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Posted on December 19th, 2018 in Success Story Tags:

Emauri’a Davis transferred between several high schools before enrolling at Arsenal Tech in November 2017, about halfway through her senior year. With this transition, her lack of stability was taking a toll on her self-confidence.

“Before I started Tech I was going through a lot,” said Emauri’a. “I went to North Atlanta before that, [then] I went to Franklin Township. Tech was a different environment for me. I really just stayed to myself, went to class, and went home.”

When Emauri’a enrolled at Arsenal Tech, her guidance counselor placed her into their Jobs for America’s Graduates (JAG) program where she facilitated relationships with her specialist and other JAG staff which made it possible for Emauri’a to connect with Stop the Violence Indianapolis, Inc. (STVI) where she started as an intern in November of 2018.

“When I entered JAG, they taught me a lot of things that my old schools weren’t teaching me: they taught me how to do resumes, and cover letters, and thank you letters,” said Emauri’a. “JAG really opened up my mind more… personally, it gave me more confidence and patience.”

Emauri’a at her desk at STVI

Since she started her internship at Stop the Violence, Emauri’a has already gained valuable professional experience – she has attended two conferences, organized data from surveys for reports, coordinated volunteer email communications, and learned to edit their website using WordPress. In addition, STVI staff are working with Emauri’a to add these experiences to her resume and provide constructive feedback to help her grow.

“Without JAG and EmployIndy, we wouldn’t be able to do as much as we’ve done,” says Beatrice Beverly, Stop the Violence Indianapolis Program and Volunteer Director. As a small nonprofit with limited funding, STVI relies on JAG’s work experience funding to provide an immersive learning environment to Emauri’a and three other interns. By investing in skill-building experiences for young adults, EmployIndy is cultivating positive career trajectories for these young adults and setting the table for stronger workforce in Marion County.

The state of Indiana allocates funds annually to EmployIndy for programs like JAG, but donations make it possible for JAG to grow and for more students like Emauri’a to participate. It takes $2900 to sponsor a work experience and improve the future career of a young adult so they can have a positive impact right here in Indy.

“Honestly I don’t have a ‘dream job,’” says Emauri’a with a confident smile. “I know that I will become a criminal justice lawyer, and I will also own a cupcake shop.”

Annual Report CoverEmployIndy posted its 2017-18 Annual Report on September 25th, showcasing the accomplishments of the first year of work of our five-year strategic plan. Read the intro letter from our President & CEO, Angela Carr Klitzsch below – and be sure to sign up for our monthly newsletter to get EmployIndy info like this directly to your inbox.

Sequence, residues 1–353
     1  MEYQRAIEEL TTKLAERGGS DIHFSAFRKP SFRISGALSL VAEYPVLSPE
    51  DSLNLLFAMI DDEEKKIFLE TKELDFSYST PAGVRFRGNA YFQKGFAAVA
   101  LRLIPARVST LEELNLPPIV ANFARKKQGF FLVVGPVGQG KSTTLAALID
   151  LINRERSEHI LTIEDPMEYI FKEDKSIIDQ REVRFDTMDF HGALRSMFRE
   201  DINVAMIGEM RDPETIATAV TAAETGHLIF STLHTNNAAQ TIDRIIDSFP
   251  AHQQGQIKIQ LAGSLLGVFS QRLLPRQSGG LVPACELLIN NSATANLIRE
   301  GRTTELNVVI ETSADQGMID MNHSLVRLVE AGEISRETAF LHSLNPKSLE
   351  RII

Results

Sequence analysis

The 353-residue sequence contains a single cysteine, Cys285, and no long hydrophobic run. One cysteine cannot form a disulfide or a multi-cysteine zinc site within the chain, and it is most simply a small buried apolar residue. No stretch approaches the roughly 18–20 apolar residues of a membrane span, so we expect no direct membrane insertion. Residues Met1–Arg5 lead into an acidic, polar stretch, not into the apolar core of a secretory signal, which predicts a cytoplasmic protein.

Dear Ecosystem Partners, Supporters, and Influencers,

September annually celebrates and honors American workers and their impact on the well-being of our country. We at EmployIndy follow suit to commemorate another year advancing local workers on pathways that ensure self-sufficiency.

EmployIndy plays a pivotal role in the prosperity of our city’s economy and its underserved and underrepresented residents. Leading EmployIndy through notable transition to streamline investment towards a strategy of youth development, neighborhood prioritization and place-based workforce development, and career pathway creation for low- to mid-skilled residents, has been both gratifying and a worthy challenge.

The Marion County Workforce Ecosystem is made up of many unique stakeholders – the work of an intermediary to coordinate these critical partners is no small task. Parts of this local system have historically been fragmented, and our focus in year one of EmployIndy’s five-year Strategic Plan has been on building organizational capacity to unify and advance the system. In year two EmployIndy will continue increasing investment in programs, providers, and initiatives that ensure inclusion and equity to effectively increase labor participation as the economy continues to grow.

It is with immeasurable pride that I share the distinguished work of our entire team in EmployIndy’s 2017-2018 Annual Report.

All my best,

Angela Carr Klitzsch
President & CEO, EmployIndy

Posted on August 2nd, 2018 in Organizational Updates, Success Story Tags:

After more than three decades of operation, the Jobs for America’s Graduates (JAG) program has proven to be one of the most successful state-level strategies for tackling high school dropout rates, low academic performance, youth unemployment, and other barriers for at-risk youth. Program participants actively engage in career exploration, leadership, and goal setting as they plan for their future and transition into post-secondary education, military service, and/or employment. In Marion County, EmployIndy administers JAG for IPS and other local high schools.